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View Full Version : pycho brewing equipment 2 MT 2 Kettle system to make 4bbl equipment question



jcmccoy
02-28-2014, 04:40 PM
this is the link to the system I am asking about

http://www.psychobrewllc.com/nano-brewing-systems/psycho-system-17.html

15117

First anyone use one of these or a system like it? How do you manage double brewing?

To double brew I would need another pot for a HLT correct or am I missing something?

To sparge I just attach a sparge arm and pump the water from the HLT?

AnthonyB
02-28-2014, 05:34 PM
A lot of folks using these systems in a startup sort of configuration end up going with a tankless water heater instead of a HLT. If you search the forums for tankless, that issue has been talked about a lot... but you could also just add a separate HLT.

Junkyard
02-28-2014, 06:54 PM
you can also use a food grade plastic barrel or other water storage vessel and pump your sparge water into a plastic vessel to wait until you have to sparge. then pump your sparge water on top of your mash when sparging.

beejay
03-03-2014, 07:03 AM
Definitely get a on demand hot water heater if you go this route. The last thing you want to do is waster time heating water in what is already a fairly laborious and lengthy brew cycle. We used one of these for about a year and it worked perfectly to get us started.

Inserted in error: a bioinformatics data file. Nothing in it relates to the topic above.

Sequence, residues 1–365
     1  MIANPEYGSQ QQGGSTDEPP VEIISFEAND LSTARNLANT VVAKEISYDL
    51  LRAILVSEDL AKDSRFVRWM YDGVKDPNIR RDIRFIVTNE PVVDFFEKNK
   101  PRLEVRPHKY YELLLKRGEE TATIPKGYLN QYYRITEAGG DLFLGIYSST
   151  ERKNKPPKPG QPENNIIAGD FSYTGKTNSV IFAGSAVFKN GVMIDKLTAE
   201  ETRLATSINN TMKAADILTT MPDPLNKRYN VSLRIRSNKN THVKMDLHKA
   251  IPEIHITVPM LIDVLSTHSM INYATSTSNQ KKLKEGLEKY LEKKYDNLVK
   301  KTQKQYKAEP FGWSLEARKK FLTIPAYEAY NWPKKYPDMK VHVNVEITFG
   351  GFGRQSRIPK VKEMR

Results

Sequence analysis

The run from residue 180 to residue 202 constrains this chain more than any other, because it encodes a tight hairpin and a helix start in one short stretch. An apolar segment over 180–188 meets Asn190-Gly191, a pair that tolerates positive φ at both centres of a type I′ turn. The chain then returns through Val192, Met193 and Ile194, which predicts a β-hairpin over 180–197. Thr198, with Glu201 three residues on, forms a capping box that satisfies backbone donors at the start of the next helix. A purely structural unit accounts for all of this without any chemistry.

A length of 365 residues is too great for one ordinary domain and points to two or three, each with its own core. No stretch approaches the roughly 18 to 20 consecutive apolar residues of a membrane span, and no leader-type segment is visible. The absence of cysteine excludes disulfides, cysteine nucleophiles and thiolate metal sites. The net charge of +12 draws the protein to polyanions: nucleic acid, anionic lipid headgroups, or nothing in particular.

You use the on demand hot water heater to fill the first mash tun, which takes roughly 15 minutes with a Rinnai 98i heater. You can have it fill faster if you use multiple units hooked inline together too, but for the kettles you're looking at one unit is fine. One the tun is filled, start filling the second kettle as you mash in the first. Keeping the two separated by 15 minutes means by the end of the process your first kettle should be cooled out and in the fermentor by time the second is done whirlpooling. We also timed it out so we would start a third and forth mash that would be ready to lauter right as the first kettle was emptied and cleaned. We were able to fill full 7 bbl tanks up each day this way. It was a lot of work, but we got good at it eventually bringing a full brew day down to 9 hours with set up and cleanup.

jcmccoy
03-04-2014, 12:16 PM
Definitely get a on demand hot water heater if you go this route. The last thing you want to do is waster time heating water in what is already a fairly laborious and lengthy brew cycle. We used one of these for about a year and it worked perfectly to get us started.

You use the on demand hot water heater to fill the first mash tun, which takes roughly 15 minutes with a Rinnai 98i heater. You can have it fill faster if you use multiple units hooked inline together too, but for the kettles you're looking at one unit is fine. One the tun is filled, start filling the second kettle as you mash in the first. Keeping the two separated by 15 minutes means by the end of the process your first kettle should be cooled out and in the fermentor by time the second is done whirlpooling. We also timed it out so we would start a third and forth mash that would be ready to lauter right as the first kettle was emptied and cleaned. We were able to fill full 7 bbl tanks up each day this way. It was a lot of work, but we got good at it eventually bringing a full brew day down to 9 hours with set up and cleanup.